When the finance minister reveals the Budget on Wednesday, we predict we will not hear what Treasury and the Finance Ministry are doing about more costly and unnecessary nuclear energy plans. The President’s State of the Nation Address (Sona) too was conspicuous in its omission of nuclear energy as a part of South Africa’s future energy mix. Instead, he focused on renewables and finding ways to address our current energy crisis.
Yet, we know from recent developments that the government has been pushing ahead with its nuclear plans, despite nuclear being one of the most expensive electricity generation options, and despite the fact that no more nuclear is needed.
The government’s lack of transparency, coupled with its inability to demonstrate how we can afford or why we need more nuclear energy, means citizens will again bear the brunt through higher energy bills and continued above-inflation increases in Eskom tariffs.
While the President’s Sona and Wednesday’s Budget speech should emphasise the importance of a reliable energy system – by making a firm commitment to improved decision making, transparency and accountability mechanisms – there is still too much secrecy around South Africa’s energy planning.
In terms of the Integrated Resource Plan (IRP), which lays out our energy choices, this risky and outdated technology is not even identified as a necessary part of the solution to the energy crisis. Renewable energy is significantly quicker to install, and more cost effective. The minister’s new push for nuclear energy comes in the form of a Section 34 Determination for 2,500MW new nuclear power, for which the National Energy Regulator of South Africa (Nersa) is hosting a hearing on 23 and 24 February. A Section 34 Determination is a policy instrument that should be used to enable energy procurement in line with IRP 2019. However, this one is not in line with the IRP.
Following the Southern African Faith Communities’ Environment Institute’s (SAFCEI) request according to the Promotion of Access to Information Act 2 of 2000 (PAIA), we remain particularly concerned about the government’s inability to provide approved feasibility studies, business cases or research study reports on the proposed use of new nuclear power and its potential impact on the environment and local communities. And, with recent reports of cracks in the containment structures at Koeberg Nuclear Power Station, can we believe the National Nuclear Regulator (NNR) when it claims these are not serious, when these reports have not been provided?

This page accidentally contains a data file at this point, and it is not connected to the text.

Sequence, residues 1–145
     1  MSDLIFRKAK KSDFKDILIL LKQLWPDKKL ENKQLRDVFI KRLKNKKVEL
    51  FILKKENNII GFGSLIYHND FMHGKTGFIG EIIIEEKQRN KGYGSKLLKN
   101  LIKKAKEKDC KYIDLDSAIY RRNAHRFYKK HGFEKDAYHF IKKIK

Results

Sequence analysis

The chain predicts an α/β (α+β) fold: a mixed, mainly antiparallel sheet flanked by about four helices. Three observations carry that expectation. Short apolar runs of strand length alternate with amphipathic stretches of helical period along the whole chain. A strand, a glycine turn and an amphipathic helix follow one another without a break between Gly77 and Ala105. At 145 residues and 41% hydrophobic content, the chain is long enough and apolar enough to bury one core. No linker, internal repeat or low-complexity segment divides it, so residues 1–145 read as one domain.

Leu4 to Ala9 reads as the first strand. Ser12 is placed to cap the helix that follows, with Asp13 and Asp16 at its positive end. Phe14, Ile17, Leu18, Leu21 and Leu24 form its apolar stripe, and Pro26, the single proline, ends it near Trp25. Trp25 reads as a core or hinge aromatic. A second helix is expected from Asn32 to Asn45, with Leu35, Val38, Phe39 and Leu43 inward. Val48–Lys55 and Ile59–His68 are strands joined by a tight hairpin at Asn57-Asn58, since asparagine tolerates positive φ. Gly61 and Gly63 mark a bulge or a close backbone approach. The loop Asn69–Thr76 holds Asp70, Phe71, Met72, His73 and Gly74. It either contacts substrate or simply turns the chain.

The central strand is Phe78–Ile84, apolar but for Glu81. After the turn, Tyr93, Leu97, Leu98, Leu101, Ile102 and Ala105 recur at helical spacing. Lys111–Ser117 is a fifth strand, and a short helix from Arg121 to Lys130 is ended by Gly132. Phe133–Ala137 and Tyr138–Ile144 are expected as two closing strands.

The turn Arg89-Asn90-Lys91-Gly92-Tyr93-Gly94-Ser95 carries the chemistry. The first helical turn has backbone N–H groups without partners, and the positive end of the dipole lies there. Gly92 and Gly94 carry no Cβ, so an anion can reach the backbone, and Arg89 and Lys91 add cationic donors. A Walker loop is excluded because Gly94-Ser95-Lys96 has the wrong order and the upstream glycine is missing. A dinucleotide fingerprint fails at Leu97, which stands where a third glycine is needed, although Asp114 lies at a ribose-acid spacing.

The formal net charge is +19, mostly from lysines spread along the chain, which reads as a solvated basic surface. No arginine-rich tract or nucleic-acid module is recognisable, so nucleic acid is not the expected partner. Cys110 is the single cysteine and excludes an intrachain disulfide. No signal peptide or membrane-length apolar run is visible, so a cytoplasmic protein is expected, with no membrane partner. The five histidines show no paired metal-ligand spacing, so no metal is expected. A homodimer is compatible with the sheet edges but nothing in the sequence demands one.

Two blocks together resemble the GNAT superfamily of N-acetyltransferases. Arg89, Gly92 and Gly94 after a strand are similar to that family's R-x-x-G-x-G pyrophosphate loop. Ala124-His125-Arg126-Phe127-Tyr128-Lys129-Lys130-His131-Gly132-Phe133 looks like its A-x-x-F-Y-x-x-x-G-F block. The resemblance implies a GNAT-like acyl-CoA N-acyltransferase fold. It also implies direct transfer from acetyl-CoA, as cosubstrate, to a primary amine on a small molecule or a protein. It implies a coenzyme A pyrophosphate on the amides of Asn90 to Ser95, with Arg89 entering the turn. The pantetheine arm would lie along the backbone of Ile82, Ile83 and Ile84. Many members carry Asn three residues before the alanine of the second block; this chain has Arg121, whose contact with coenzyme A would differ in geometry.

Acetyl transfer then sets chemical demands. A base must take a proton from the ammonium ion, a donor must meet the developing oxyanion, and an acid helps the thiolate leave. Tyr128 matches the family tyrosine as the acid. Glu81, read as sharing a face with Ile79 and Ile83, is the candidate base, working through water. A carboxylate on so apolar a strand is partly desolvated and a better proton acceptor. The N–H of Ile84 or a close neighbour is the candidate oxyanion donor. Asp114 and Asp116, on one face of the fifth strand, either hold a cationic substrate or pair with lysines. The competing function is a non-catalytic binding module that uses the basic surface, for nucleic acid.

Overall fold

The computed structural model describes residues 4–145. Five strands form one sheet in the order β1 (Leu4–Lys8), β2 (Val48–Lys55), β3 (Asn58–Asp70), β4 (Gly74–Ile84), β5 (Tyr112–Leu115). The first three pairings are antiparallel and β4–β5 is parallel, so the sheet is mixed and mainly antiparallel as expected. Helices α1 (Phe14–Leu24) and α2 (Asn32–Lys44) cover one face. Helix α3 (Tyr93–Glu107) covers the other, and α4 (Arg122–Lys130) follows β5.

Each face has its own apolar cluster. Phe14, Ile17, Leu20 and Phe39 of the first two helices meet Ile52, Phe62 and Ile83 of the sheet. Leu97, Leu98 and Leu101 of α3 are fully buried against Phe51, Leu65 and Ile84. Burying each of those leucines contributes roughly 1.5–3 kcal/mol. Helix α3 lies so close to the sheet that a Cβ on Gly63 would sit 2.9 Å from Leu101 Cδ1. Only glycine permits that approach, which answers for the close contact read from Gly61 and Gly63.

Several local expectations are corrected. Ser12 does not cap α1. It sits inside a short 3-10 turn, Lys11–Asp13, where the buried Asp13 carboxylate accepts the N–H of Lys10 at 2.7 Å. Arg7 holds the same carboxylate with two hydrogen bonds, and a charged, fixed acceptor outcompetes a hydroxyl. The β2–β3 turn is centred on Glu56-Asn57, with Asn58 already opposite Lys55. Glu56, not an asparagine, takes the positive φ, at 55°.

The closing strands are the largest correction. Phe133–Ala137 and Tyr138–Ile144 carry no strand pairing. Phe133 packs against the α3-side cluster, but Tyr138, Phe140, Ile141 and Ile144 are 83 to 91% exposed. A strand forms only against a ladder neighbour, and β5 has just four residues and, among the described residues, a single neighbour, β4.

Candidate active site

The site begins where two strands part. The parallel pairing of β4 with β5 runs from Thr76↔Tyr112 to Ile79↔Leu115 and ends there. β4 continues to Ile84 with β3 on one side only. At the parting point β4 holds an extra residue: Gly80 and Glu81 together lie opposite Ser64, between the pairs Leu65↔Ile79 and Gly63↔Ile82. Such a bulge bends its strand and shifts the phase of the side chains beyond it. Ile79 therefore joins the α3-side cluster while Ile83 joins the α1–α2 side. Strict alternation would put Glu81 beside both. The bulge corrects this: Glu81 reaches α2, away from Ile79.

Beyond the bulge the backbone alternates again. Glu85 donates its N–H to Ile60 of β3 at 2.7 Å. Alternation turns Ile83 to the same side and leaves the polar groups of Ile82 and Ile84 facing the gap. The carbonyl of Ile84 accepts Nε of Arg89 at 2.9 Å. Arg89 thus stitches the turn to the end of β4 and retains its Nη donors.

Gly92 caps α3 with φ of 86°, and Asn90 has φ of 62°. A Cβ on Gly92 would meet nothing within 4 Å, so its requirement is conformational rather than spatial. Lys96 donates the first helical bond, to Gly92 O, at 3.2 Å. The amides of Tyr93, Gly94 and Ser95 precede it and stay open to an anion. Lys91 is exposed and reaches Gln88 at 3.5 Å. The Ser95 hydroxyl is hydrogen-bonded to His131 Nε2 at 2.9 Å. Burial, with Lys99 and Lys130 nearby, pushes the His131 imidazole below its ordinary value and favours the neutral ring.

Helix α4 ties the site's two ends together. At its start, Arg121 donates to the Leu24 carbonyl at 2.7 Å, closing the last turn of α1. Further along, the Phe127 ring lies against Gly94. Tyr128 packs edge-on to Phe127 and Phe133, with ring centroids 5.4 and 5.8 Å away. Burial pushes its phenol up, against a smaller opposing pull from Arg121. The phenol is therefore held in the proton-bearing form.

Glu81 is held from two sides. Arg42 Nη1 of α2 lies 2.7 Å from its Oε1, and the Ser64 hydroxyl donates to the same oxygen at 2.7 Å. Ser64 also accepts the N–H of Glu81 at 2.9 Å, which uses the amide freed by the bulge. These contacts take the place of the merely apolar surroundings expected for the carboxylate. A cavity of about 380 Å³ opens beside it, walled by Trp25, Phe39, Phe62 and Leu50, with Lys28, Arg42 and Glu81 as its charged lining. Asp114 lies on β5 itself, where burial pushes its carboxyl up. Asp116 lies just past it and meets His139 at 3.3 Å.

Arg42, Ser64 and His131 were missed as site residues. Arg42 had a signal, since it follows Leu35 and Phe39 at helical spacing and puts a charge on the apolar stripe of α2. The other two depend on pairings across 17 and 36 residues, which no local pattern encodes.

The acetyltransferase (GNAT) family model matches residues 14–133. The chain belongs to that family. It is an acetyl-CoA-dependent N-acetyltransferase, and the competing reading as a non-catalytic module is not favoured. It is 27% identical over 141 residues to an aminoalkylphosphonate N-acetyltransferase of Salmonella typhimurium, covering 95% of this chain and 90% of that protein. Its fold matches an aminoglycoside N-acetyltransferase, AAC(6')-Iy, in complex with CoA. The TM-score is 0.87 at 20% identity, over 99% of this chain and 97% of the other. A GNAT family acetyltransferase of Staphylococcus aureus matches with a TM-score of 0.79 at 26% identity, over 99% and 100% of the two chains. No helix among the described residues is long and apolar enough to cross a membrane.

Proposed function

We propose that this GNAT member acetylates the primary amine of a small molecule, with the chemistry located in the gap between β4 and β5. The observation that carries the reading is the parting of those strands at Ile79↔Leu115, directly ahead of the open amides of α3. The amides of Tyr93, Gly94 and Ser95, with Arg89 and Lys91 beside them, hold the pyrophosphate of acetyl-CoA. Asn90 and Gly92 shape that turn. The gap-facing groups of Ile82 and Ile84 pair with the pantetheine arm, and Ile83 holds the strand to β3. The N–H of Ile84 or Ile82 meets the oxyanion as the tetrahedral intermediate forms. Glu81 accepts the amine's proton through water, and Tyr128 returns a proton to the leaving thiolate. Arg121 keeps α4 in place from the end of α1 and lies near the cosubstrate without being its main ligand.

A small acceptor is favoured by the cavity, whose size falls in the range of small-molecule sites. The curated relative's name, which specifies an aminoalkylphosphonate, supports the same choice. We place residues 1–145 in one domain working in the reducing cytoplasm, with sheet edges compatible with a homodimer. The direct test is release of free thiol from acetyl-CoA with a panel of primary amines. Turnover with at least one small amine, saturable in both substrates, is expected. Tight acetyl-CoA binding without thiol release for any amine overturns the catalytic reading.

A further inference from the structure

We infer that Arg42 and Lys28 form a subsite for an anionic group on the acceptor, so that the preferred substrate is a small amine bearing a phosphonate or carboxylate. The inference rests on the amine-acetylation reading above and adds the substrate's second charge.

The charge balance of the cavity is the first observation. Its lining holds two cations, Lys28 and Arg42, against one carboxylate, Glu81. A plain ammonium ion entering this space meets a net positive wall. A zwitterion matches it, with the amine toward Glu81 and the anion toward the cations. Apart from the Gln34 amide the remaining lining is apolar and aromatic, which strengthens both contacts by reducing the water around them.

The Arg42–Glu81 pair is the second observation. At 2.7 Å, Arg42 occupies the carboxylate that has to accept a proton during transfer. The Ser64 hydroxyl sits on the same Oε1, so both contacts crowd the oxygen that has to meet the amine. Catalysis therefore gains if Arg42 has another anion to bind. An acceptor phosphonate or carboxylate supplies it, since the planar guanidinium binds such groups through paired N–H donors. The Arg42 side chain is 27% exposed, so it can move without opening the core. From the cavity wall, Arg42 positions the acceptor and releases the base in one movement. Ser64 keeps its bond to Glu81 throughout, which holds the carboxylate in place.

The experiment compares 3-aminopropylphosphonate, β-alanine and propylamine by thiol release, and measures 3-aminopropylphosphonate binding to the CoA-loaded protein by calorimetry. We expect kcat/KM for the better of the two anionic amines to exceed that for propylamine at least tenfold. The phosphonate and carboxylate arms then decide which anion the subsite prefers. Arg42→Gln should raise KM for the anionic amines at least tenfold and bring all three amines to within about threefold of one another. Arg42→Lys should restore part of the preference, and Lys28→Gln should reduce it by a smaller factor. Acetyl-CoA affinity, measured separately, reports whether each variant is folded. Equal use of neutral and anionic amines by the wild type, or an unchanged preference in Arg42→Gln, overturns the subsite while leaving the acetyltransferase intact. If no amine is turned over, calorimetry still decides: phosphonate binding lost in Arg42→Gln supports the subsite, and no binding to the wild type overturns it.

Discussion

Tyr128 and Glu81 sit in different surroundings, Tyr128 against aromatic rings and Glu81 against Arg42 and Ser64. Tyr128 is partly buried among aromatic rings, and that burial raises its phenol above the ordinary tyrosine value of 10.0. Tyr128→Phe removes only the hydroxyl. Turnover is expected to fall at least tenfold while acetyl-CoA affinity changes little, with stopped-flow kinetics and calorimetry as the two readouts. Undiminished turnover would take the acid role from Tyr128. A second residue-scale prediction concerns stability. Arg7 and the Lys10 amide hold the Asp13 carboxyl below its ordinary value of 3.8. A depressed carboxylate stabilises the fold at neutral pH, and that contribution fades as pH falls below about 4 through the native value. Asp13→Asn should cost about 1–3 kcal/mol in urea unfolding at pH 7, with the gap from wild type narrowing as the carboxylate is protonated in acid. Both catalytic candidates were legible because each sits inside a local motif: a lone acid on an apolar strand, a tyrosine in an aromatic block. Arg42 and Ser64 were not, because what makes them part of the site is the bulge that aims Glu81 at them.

Our concerns are not just about the lack of transparency and information. How decisions are made about our energy systems is an ethical and moral issue that should concern us all. As a multifaith environmental justice organisation, we believe the government needs to be accountable to citizens who elected them, and engage in meaningful consultation with the public on these important decisions.
We have been given little information about the plans for nuclear power and how it could affect South Africans. Even after numerous PAIA requests for feasibility studies and other information, we have received no substantive information. This means the general public does not have the information it needs to make informed decisions about these plans. Yet, as per the Constitution, we have a right to access information that should be in the public domain.
Nersa issued a consultation paper calling for the public to comment on whether or not the regulator should agree with the determination made by the mineral resources and energy minister, in terms of Section 34(1) of the Electricity Regulation Act 2006, to procure 2,500MW of new nuclear power in South Africa. The deadlines for written and oral submissions were 5 and 19 February, respectively, a rushed process for such a major cost implication and far-reaching decision.
Well-respected energy expert Chris Yelland writes that nuclear energy is indeed “a very high-risk and high-regret option”. I couldn’t agree more when he asserts that “this is not the time to be making extremely expensive 100-year commitments”. Coupled with the lack of a valid business case, there are a number of practical reasons for rejecting this technology.
If, according to Eskom’s reply to our PAIA, it has not completed any approved studies on the feasibility of small modular reactors (SMRs) or conventional nuclear technology in recent years, why is the government once more asking for approval from Nersa for further nuclear power options? And, while we are encouraged that President Cyril Ramaphosa spoke about the need to work to fulfil our climate-action commitments under the Paris Agreement, nuclear energy will not meet those commitments.
This is all so reminiscent of the rushed and secret 9,600MW nuclear new build of 2015 – a deal that was declared unlawful and unconstitutional in the Western Cape High Court in 2017 (the judgment and other documents can be found here). The government is still not laying out its nuclear energy plans for public scrutiny, but once again seems to be steamrolling down a path of nuclear energy procurement.
The lack of effective public participation, such as that which characterised the illegal nuke deal, is a hallmark of weak democratic processes.
Especially in this time of Covid-19, South Africa does not have the funds to ignore its past energy planning mistakes, which could cost a conservative estimate of R330-billion. It is therefore imperative that the government upholds democratic processes and listens to what the people want. DM/MC
Francesca de Gasparis is SAFCEI’s Executive Director.
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